Central Bucks School Board met Tuesday to discuss its Health and Safety Plan, and replacement of the vice president, who resigned during the previous meeting.
Karen Smith, a board member, spoke up before public comment, saying “the least I can do is say something,” after community members and parents reached out to her about the negativity present in the meetings. She said that she would repeat that the school does not condone the bullying or harassment after each negative comment.
John Gamble, the board’s vice president, resigned at the previous meeting citing the harassment he and his family had received over the Health and Safety Plan from both sides of the debate. Gamble and his wife received police protection after Gamble received death threats from the community.
After the board initially voted against universal masking, John Gamble said he was considered “public enemy number one.”
“Covid has broken you people, and it’s disgusting,” Gamble said when he announced his resignation, addressing the room of community members. “I watch how you treat each other here. It’s disgusting.”
Smith said that she is not in favor of a plan that doesn’t require a doctor’s sign-off on the mask exemption form. The form allows parents to send their children to school unmasked because they are unable to wear a mask due to medical, mental, or a disability.
Previously, the board voted 5-4 in favor of following Gov. Tom Wolf’s order, which was released on Aug. 31. The order instituted universal masking and applies to K-12 schools, public and private, for all students and staff, regardless of their vaccination status. The order went into effect on Sept. 7.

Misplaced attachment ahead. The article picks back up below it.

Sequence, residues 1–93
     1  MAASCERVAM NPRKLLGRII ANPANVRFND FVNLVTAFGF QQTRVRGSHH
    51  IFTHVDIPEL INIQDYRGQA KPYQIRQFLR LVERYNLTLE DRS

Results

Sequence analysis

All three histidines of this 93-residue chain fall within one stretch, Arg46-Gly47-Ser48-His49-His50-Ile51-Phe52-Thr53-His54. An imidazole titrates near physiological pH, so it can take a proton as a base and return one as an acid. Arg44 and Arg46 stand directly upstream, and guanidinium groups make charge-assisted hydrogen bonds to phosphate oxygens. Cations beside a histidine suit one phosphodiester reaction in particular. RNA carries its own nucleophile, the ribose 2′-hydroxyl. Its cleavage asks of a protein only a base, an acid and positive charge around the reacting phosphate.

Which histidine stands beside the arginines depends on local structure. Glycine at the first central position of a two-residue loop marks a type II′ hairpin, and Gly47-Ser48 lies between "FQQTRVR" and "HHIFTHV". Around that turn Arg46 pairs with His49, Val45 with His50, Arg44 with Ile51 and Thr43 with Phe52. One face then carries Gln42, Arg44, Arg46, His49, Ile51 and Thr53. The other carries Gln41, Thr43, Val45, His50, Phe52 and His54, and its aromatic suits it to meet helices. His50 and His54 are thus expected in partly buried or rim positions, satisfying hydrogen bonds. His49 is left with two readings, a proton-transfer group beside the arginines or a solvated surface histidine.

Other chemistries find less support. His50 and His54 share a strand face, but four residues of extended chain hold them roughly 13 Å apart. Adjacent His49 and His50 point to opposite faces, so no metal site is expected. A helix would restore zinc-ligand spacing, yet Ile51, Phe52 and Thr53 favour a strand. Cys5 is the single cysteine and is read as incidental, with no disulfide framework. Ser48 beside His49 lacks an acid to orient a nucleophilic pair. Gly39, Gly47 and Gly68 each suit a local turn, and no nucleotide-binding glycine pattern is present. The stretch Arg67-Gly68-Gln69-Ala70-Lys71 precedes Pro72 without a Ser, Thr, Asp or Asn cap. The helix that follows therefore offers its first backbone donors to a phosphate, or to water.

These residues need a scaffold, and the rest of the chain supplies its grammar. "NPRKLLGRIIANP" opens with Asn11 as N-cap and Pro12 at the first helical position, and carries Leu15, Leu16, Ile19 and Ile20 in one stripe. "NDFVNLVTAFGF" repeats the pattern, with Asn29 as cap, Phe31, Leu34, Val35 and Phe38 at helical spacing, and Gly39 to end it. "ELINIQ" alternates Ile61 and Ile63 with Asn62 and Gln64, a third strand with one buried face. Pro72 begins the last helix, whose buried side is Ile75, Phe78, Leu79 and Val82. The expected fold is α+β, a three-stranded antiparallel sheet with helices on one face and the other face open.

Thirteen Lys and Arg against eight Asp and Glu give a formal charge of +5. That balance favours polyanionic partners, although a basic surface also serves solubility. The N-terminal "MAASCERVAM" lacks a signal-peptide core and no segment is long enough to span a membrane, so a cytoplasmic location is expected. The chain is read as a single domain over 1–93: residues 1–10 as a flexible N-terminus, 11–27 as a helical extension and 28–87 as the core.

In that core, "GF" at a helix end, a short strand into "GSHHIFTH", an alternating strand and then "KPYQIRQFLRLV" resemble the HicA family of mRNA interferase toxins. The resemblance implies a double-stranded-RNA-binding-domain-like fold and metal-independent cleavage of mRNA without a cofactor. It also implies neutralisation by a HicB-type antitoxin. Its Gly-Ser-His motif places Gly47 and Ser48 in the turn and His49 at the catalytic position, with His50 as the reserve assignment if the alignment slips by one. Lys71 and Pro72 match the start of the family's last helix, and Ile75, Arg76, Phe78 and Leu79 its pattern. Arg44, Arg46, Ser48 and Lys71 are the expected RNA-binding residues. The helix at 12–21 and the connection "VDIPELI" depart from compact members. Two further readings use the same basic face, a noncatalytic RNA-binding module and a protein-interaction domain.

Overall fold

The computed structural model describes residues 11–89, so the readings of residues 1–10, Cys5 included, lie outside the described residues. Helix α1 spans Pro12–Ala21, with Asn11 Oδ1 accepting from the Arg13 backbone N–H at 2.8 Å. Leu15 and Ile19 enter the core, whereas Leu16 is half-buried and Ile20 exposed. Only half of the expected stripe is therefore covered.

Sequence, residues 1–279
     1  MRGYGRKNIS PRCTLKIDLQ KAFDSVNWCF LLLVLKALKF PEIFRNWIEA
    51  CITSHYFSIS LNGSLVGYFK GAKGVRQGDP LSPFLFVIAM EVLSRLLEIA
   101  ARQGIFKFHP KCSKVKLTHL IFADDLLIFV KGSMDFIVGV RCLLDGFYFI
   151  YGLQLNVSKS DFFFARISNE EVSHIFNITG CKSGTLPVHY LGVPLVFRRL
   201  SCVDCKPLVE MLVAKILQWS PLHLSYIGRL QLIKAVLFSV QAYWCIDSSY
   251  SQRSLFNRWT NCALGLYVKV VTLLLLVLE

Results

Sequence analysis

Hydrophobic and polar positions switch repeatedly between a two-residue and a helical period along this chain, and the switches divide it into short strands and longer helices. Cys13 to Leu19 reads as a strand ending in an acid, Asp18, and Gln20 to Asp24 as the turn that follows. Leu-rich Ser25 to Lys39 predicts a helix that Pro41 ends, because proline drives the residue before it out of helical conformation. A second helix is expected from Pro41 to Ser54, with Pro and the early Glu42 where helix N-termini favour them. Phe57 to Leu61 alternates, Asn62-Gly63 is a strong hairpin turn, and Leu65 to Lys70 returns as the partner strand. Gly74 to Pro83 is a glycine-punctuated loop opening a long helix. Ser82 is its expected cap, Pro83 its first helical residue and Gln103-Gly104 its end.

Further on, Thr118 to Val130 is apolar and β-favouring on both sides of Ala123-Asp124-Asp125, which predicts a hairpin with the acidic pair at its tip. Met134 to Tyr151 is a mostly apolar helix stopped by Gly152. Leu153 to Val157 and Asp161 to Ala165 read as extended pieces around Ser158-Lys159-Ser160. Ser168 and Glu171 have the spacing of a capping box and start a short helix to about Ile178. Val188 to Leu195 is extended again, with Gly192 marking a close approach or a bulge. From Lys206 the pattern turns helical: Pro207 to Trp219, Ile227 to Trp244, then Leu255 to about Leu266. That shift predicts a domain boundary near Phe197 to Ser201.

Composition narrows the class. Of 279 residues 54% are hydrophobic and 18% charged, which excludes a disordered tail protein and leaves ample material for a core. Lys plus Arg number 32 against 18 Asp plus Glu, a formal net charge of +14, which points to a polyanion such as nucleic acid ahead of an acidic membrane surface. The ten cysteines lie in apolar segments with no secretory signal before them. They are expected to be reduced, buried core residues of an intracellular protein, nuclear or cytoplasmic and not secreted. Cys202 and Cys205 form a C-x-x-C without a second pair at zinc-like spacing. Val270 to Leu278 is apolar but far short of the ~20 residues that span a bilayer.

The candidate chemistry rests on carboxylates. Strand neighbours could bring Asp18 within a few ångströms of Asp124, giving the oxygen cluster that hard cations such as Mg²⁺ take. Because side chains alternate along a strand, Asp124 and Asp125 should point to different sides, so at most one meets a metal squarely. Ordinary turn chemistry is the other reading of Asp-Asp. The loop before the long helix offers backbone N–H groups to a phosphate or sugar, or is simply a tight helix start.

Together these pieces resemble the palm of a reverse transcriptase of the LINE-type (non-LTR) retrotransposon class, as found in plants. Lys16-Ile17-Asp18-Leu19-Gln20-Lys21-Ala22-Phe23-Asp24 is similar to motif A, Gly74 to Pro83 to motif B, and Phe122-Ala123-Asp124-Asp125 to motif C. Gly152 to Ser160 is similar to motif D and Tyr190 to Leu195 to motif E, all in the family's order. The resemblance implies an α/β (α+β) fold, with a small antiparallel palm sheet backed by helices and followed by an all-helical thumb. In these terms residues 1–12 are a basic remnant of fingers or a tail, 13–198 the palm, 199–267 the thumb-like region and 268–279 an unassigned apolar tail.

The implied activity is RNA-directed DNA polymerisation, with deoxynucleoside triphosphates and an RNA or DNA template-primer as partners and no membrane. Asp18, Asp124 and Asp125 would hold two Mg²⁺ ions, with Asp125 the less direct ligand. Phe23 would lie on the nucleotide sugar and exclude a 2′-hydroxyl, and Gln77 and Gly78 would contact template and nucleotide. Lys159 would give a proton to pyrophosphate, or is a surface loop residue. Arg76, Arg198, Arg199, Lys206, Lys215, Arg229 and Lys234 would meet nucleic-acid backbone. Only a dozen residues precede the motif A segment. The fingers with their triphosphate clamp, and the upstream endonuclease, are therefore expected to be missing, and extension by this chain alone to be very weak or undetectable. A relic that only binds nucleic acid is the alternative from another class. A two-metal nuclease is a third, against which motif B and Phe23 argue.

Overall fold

“Since your own liability is your concern, the Pennsylvania Department of Education published a letter to a school district that failure to comply is a violation of the law,” Dabiella Burg, an attorney from Furlong said. “Please make no mistake, if you don’t require medical documentation, you are opening yourself up to liability and a negligence action.”
Friday, the Philadelphia Inquirer had reported that Gov. Wolf said those who allow medical exemptions without medical approval violate the state order.
“The message from the state education department didn’t threaten specific consequences,” reported the Inquirer, “but pointed to a letter it sent this week to one district deemed noncompliant, warning that school officials could be found in violation of state laws and that the district could face legal action.”
TJ Kosin, a Warwick parent accused online of identifying with a far-right anti-government group, had come to the meeting and said that the community needed to “be better.”
“Since this misinformation campaign against me and the media,” he said, “this group has been showing exactly what extremism is.”
Kosin said that his son, a minor with autism, had been accused of not having a disability because it was not visible. He also said he had received death threats.